|BUY OR SELL-Are solar stocks too cheap to pass up?|
Mon Oct 20, 2008 4:09pm
By Nichola Groom
LOS ANGELES, Oct 20 (Reuters) - Shares of solar power companies had already been battered when widespread turmoil in the financial markets prompted a bigger sell-off over the last few weeks.
Solar stocks were among the top performers last year as rising fossil fuel prices and mounting concerns over global warming pumped demand for alternative energy sources.
But this year, most solar stocks have lost about half their value on concerns that falling oil prices, a weakening global economy and pullback in government subsidies for solar projects in Germany and Spain will dampen demand for the clean technology.
So, are these stocks cheap enough to buy? There are two opinions.
CREDIT: THE HAVES AND HAVE-NOTS
Mark Bachman, solar analyst with Pacific Crest Securities in Portland, Oregon:
"One of the differentiating factors is trying to find those stocks that are not dependent upon the credit markets right now for additional financing. A name strictly comes to mind in First Solar Inc (FSLR.O: Quote, Profile, Research, Stock Buzz). Here is a company that is 100 percent self-funded ... And then if you want to look beyond that, take a look at a company called Solarworld AG (SWVG.DE: Quote, Profile, Research, Stock Buzz) out of Germany that is integrated ... from (its biggest raw material) polysilicon all the way through end market distribution ... it doesn't have to rely on the capital markets as much, as well.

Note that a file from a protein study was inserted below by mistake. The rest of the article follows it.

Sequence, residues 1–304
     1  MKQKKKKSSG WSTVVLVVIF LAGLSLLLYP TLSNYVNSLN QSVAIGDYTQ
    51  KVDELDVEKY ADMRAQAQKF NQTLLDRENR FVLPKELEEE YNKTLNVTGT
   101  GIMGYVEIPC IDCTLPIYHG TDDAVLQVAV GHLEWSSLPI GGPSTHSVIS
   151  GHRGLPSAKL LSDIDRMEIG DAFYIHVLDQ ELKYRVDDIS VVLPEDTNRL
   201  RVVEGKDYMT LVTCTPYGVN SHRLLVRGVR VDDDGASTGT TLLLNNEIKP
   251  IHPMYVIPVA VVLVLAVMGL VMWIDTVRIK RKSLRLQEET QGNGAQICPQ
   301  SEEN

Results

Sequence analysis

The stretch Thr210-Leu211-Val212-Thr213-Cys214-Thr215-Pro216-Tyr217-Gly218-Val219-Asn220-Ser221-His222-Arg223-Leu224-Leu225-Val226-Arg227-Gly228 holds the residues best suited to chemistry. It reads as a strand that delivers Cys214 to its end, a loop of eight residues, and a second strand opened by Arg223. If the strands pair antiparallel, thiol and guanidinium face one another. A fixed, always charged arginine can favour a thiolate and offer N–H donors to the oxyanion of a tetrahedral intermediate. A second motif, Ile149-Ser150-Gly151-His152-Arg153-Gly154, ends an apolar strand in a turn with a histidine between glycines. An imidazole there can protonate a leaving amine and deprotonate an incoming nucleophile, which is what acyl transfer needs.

"Of the stocks I cover, I would have to be most concerned about Evergreen Solar Inc (ESLR.O: Quote, Profile, Research, Stock Buzz) ... in order to meet their manufacturing targets for 2010 at least through 2012 they need to build additional factories. And the only way that they are going to do it is to go back and tap the capital markets.
"Akeena Solar Inc (AKNS.O: Quote, Profile, Research, Stock Buzz), that's another company where they are going to have to figure out how to go back in and figure out how to do some funding next year.
"Q-Cells AG (QCEG.DE: Quote, Profile, Research, Stock Buzz), out of Germany, does have a lot of debt that needs to be renegotiated this year. Rates are higher now, especially on the short term. Here is a company that could be looking at increased interest income."
COSTS ARE KING
Carey Callaghan, manager of the Lebanon, New Hampshire-based American Trust Energy Alternatives Fund:
"It's looking to us like it could be a difficult couple of years, and the financial picture doesn't help because it will hit people's pocketbooks and residential customers or government programs as well. But it could be explosive on the other side, and the way to get in would be with the low-cost producers.
"First Solar, which was north of $300, closed Friday at around $140. To us, that starts to look quite intriguing. It was too expensive for us previously, but at these levels it's now a significant holding of our fund. It's got by far the lowest cost position in the industry ... Margins could come down, but the stock is half of what it was.
"The other place to be is the highest efficiency, so SunPower Corp (SPWRA.O: Quote, Profile, Research, Stock Buzz) is also one that we like. A more efficient cell and module translates into lower system cost. There are going to be people who are willing to take a lower return if they can expand the power by 50 percent or more. That's the other end of the spectrum.
"Some of the suppliers, like Meyer Burger Technology AG (MBTN.S: Quote, Profile, Research, Stock Buzz), that market is going to really grow nicely over the next couple of years. I met with Meyer Burger last week, and they are seeing no slowdown in sales ... It has no debt, so that's one that looks to be very well-positioned."
(Reporting by Nichola Groom; editing by Susan Kelly)